While Respondent alleges it felt it had no option but to settle, the facts indicate otherwise.  First, when an agreement was not reached at the informal settlement conference Respondent preserved its right to contest the validity of the Citation, including pursuing its statute of limitation argument, by filing its first Notice of Contest.  By filing of the Notice of Contest, Respondent signaled its understanding of the process and that it had the right to pursue its arguments and defenses.  Second, there is no indication in the record that if a settlement was not reached on November 15, 2017 the day of the informal settlement conference, OSHA would not entertain settlement in the future.  Indeed the contrary seems to be the case.  The evidence indicates when an agreement was not reached on November 15, 2017, the parties continued to discuss settlement. Settlement was ultimately achieved and memorialized with the ISA. Third, any pressure Respondent may have felt was balanced by its representation by an attorney and safety consultant familiar with OSHA law.  These individuals were involved and were available for counsel to prevent any overreaching or pressure from OSHA to settle on certain terms.  It appears Respondent consulted with these professionals and relied on their advice.  Finally, the evidence supports there was deliberation and consultation on both sides during the period of November 15, 2017, and December 6, 2017 when the ISA was executed.  This nearly three week period allowed for time to consider its options, discuss its positions and render a decision that was both informed and voluntary.  Thus, Respondent was not pressured or rushed into settling the case on terms it did not like or consequences it did not understand.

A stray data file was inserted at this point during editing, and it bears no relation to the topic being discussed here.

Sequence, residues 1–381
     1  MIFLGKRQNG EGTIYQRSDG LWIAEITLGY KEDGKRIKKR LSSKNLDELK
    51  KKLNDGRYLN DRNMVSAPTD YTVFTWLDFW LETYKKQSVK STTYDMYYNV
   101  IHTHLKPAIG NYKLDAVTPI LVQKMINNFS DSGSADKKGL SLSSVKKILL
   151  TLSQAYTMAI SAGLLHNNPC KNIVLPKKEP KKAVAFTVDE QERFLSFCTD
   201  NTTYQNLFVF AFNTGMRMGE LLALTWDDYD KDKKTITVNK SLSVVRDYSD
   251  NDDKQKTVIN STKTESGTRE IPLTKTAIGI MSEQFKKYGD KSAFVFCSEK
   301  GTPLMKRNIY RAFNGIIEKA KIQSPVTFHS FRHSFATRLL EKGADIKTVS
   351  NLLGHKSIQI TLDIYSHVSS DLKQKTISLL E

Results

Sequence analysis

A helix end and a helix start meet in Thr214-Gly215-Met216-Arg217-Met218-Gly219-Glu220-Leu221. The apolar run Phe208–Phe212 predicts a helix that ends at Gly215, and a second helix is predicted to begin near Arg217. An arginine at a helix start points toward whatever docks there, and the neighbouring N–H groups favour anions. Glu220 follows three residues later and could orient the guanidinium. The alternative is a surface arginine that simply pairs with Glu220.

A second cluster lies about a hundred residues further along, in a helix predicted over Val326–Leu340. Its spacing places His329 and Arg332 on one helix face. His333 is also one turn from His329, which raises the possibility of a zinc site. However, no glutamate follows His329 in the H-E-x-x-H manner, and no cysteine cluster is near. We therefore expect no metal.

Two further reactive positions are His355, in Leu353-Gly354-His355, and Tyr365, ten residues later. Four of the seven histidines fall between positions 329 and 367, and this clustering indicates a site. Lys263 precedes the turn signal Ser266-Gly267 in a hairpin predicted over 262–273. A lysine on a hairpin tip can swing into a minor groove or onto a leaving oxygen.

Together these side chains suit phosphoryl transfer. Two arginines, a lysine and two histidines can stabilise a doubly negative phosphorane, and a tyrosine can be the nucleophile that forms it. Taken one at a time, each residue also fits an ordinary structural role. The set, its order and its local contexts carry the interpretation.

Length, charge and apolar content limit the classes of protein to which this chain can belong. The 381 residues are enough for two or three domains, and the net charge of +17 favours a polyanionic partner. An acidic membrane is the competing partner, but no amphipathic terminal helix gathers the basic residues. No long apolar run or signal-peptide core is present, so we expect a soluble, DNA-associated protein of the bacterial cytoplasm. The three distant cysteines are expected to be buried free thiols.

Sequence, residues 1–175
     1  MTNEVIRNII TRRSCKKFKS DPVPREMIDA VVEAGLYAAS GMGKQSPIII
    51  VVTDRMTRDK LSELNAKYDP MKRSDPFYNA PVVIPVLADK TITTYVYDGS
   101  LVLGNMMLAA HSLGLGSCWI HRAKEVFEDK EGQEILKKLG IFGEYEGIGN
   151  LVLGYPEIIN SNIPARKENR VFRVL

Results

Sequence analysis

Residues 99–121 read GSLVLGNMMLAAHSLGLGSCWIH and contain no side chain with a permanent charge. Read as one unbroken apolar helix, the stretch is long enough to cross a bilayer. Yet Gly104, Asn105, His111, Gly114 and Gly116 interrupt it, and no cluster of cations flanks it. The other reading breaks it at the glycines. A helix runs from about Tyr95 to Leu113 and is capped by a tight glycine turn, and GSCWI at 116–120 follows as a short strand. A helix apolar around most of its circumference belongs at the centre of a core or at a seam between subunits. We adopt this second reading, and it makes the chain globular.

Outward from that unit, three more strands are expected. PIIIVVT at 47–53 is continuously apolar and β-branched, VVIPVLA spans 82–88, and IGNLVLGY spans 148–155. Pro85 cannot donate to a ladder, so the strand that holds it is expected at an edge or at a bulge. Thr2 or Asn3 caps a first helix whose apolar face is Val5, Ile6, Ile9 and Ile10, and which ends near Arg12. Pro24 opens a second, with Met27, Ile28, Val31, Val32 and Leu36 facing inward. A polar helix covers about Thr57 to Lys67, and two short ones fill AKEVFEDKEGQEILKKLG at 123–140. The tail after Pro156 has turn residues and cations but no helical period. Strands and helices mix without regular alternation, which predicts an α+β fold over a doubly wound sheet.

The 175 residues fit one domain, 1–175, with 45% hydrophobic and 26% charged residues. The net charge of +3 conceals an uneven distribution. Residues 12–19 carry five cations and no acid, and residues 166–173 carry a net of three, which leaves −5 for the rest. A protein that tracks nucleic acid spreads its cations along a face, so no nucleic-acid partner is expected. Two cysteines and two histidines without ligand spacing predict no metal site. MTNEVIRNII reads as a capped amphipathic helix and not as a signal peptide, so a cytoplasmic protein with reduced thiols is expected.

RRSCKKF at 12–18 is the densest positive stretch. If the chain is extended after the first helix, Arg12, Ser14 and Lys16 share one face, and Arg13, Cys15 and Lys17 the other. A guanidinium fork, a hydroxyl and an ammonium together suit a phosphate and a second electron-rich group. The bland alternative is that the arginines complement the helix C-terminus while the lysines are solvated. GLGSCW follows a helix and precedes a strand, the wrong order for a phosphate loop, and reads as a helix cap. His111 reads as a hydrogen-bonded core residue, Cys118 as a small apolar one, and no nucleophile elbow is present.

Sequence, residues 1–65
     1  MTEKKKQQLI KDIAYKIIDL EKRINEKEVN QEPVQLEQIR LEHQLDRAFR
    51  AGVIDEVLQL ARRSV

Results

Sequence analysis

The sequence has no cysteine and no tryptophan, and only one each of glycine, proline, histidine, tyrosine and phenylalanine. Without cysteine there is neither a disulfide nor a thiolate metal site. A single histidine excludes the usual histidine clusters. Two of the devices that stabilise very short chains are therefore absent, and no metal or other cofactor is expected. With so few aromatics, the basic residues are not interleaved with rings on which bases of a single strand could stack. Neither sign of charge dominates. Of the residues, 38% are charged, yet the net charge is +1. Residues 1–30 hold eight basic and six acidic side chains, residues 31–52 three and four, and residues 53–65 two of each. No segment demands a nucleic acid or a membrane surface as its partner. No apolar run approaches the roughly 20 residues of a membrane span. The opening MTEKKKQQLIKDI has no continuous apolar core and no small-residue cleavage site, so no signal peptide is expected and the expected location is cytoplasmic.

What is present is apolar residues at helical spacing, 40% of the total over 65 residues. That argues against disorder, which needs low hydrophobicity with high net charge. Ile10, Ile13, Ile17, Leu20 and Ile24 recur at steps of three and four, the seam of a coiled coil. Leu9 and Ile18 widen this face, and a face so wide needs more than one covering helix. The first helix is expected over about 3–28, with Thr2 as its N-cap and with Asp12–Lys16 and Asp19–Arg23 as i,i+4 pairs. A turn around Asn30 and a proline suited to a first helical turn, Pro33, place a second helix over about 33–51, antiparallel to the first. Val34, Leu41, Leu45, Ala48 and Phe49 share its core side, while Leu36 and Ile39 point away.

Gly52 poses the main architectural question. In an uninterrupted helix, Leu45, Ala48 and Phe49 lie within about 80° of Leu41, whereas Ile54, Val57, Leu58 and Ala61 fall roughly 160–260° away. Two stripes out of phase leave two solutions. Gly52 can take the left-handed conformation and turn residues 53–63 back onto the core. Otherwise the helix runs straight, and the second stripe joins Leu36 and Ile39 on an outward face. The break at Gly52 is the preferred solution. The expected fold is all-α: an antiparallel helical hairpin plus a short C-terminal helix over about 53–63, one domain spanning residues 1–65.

Finally, parties to a contract can agree to mutually rescind the contract, and such an agreement can be inferred from the behavior of the parties.  Village of Kaktovik, 689 F.2d at 230 (citing Corbin on Contracts § 1236 n.60 (1964 and Supp. 1981). There is nothing in the record to indicate that there is a mutual agreement to rescind the ISA either through formal agreement or through the actions of the parties. 

For the above reasons, the Court concludes the ISA is valid, enforceable and a final order of the Commission subject to enforcement.  The Court concludes the ISA was entered into voluntarily after a reasonable period for deliberation and consultation with its counsel and safety consultant